Part of “Old Info And News”
Elizabeth Mitchell is lounging in bed at home, watching cartoons and basically having good ol’ time. “The older ones make me really happy,” she says over the phone from Los Angeles, “Like Roadrunner or Scooby Doo – although not when Scrappy joined the show.” Not usually much of a couch potato, the 30-year-old actor feels she’s earned a respite after completing back-to-back projects. Best known for her role opposite Angelina Jolie in HBO’s 1998 biopic Gia, Mitchell is currently appearing in the time-warping thriller Frequency with Dennis Quaid, and this fall she’ll be see in Neil LaBute’s (in the Company of Men) latest, Nurse Betty. But Sunday 21 on CBS, she has her first starring role in the latest in a string of music-related TV movie, The Linda McCartney Story.
The film follows the 30-year marriage of the former Beatle and the aspiring American photographer. “I didn’t have any idea they’d spent only 11 nights apart,” says Mitchell of the McCartneys. “I didn’t know what a love story it was, and that’s what our movie focuses on.”
According to Mitchell, the film, which comes only two years after McCartney’s death from breast cancer, was a real labour of love for all involved. “There’s nothing in the film that hasn’t been printed,” says Mitchell. “We worked our tails off to make everything accurate and respectful as possible.”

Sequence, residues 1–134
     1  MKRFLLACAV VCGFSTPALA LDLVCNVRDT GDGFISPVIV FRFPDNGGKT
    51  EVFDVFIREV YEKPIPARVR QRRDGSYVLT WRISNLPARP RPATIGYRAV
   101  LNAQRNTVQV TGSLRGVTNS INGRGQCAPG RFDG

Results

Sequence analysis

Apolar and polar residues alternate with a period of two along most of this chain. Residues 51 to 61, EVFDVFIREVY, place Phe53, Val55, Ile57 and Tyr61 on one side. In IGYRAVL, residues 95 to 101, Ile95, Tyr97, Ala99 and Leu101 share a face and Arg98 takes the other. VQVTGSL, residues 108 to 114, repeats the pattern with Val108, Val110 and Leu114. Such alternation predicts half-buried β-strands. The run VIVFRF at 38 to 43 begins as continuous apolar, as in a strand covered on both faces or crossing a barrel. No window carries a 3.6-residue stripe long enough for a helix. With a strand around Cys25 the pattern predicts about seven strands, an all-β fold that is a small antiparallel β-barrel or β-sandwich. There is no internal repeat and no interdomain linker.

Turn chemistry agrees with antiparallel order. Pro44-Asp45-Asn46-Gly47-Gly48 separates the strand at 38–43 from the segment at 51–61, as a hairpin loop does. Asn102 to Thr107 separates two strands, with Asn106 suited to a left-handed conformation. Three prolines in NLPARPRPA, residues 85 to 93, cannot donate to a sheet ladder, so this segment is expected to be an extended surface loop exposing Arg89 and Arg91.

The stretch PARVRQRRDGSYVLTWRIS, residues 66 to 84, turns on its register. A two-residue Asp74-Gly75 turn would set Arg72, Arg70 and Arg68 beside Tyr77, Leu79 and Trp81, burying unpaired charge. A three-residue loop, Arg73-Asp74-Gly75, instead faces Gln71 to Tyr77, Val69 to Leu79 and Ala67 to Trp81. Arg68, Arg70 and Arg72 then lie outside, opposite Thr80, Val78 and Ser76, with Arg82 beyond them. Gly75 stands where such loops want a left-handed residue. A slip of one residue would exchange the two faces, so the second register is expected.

Mitchell admits she had reservation about playing the role, but she accepted the part after she was assured the film would not be a sensationalist Behind the Music-style portraits. She was also aware of McCartney’s many living relatives who might see the film – Paul included. “We tried to keep it so that if he happened to see it,” she says, “or if other family members happen to see it, it would be something that they would be proud of than horrified by.” Plus according to Mitchell “You don’t often get to play this span of a life and this charming of a person. I just had to.”
Mitchell ahs been an actor since she was seven years old. She performed at Dallas Theatre Center in her hometown, and subsequently studied acting both at Stephens College and the British American Drama Academy. Although she has numerous theatre credits, Mitchell’s previous forays into television have included two quickly cancelled series (L.A. Firefighters and Significant Others). At this point, she’s just “searching for the right part” – on either stage or screen. “I really want to do a comedy. I think I’ve found one that’s really dark – it’s bitchy and kind of wonderful,” she says with giggles. If all else fails, maybe a voice-over gig for one those beloved cartoons? “I would love to do that, “Mitchell says, sounding surprisingly sincere. “I could be Scooby – and I got Donal Duck Down.”